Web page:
Support collaborative relationships and communication. Work on strategies and systems that will keep everyone looped in and working collaboratively:
- The care management team needs buy-in and engagement not only from members but also from payers and providers.
- Members need to receive clear, consistent communication throughout the care process.
- Interdisciplinary team members need a way to easily share and access information.
- The care team needs strong, collaborative relationships with other treatment facilities and resources in the community.
Recognize the contributions the care management team makes. These employees save lives over the phone and online, linking members to crucial resources and providers. They educate on disease progression, medications, the importance of adherence, and self-management.
A milestone moment might involve a member proactively scheduling an appointment for the first time instead of winding up in the ED. Celebrating these small but life-changing victories that members achieve thanks to care managers is important.
Reduce inefficiencies in processes and workflows. Assess workflows and processes to identify communication gaps and siloed information, as well as opportunities to streamline or even eliminate clunky or unnecessary steps.
Make sure technology helps, not hinders, job performance. Technology can make our lives at work exponentially easier. Except when it doesn’t. Too often, tech ends up working against what care managers and clinical team members need most (i.e., more time and less complexity.)
Too many screens to jump through, too many clicks to reach vital member data? Game over.
How Can a Care Management Software Platform Help?
Rather than contribute to burnout, effective care management software will serve as a tool to boost job satisfaction and overall happiness. Through automation, AI, and centralized data access, software can empower care team workers to:
Build strong relationships with members. With quick access to member demographics and other relevant data, care managers can make authentic connections that spark engagement. Automated alerts that keep care managers updated on transitions of care or other events help them intervene immediately, securing trust (and better outcomes). In-platform capabilities like text messaging, emails, and video conferencing support fast, reliable communication with members.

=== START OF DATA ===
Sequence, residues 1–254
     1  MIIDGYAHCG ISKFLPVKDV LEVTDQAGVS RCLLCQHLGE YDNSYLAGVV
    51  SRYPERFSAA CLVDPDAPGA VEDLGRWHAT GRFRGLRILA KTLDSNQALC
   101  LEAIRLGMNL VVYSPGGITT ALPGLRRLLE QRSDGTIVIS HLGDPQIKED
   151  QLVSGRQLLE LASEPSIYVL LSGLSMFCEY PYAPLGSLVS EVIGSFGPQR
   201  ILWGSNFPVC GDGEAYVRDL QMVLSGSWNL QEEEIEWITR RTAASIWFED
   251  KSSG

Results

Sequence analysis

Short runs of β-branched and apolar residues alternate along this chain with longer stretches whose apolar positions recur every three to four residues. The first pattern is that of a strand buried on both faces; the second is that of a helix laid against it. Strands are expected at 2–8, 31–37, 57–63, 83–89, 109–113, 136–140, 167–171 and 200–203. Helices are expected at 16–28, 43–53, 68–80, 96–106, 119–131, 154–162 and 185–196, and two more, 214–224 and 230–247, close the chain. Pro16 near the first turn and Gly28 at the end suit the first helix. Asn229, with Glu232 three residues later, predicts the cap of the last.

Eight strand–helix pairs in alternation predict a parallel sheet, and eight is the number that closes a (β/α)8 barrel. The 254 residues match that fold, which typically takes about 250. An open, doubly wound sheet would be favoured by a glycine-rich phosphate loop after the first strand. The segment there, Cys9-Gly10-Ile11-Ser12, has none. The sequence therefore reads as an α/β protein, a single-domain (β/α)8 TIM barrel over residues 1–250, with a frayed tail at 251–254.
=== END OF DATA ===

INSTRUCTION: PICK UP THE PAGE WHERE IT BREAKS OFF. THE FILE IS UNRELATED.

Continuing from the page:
Offload the mental stress of having to remember so many critical tasks. A system that triggers automated reminders for tasks like member or provider follow-up, or provides real-time alerts on care transitions, reduces the cognitive burden for care managers. (They might even be able to break up with sticky notes…)
Make decisions regarding care management services and support with more confidence. Software with clinical and care coordination pathways removes the guesswork (and the need for a whole lot of manual searching) to determine best practices for assessments, interventions, and parameters and timelines for follow-up.
Work more productively and efficiently. The more efficiently care managers can work, the more cases they can take on – which they know is a major goal of the job. Software can alleviate administrative burdens by automating manual tasks. For example, documentation can be streamlined by limiting free-text documentation and pre-populating fields when possible.
Work more collaboratively with interdisciplinary teams, providers, and payers. With a centralized member record, everyone involved in care stays in synch on care notes, assessments, progress, interventions, and claims data. This promotes continuity of care for the member and gives the care team time back that they would have spent hunting for information.
Achieve closed-loop visibility to bridge care gaps for members. Well-designed software tracks and alerts care managers when a member has followed through on an appointment, for example, or a referral for a community resource like food assistance. This functionality makes it much easier to close care gaps and saves time spent on manual follow-up.
Take the stress out of quality reporting and measuring. Tracking these measurements is critical to the success of a care management program – and compliance is on the line, too. But it’s easy for staff to miss documenting the required metrics related to SLAs and regulatory standards. A platform helps in a couple of key ways:
- Standardizing documentation forces users to include required components.
- Reporting dashboards serve as one-stop-shops to help care managers easily grab critical metrics, saving a lot of time.
Finding a Platform that Will Help, Not Hurt, Job Satisfaction
With more than a decade of experience helping care teams work smarter and faster, VirtualHealth has discovered some common themes around what works (and what doesn’t) when it comes to care management technology.
Download your free copy of Care Management Platforms for Medicare & Medicaid Payers: 11 Questions to Ask for guidance on finding the right fit.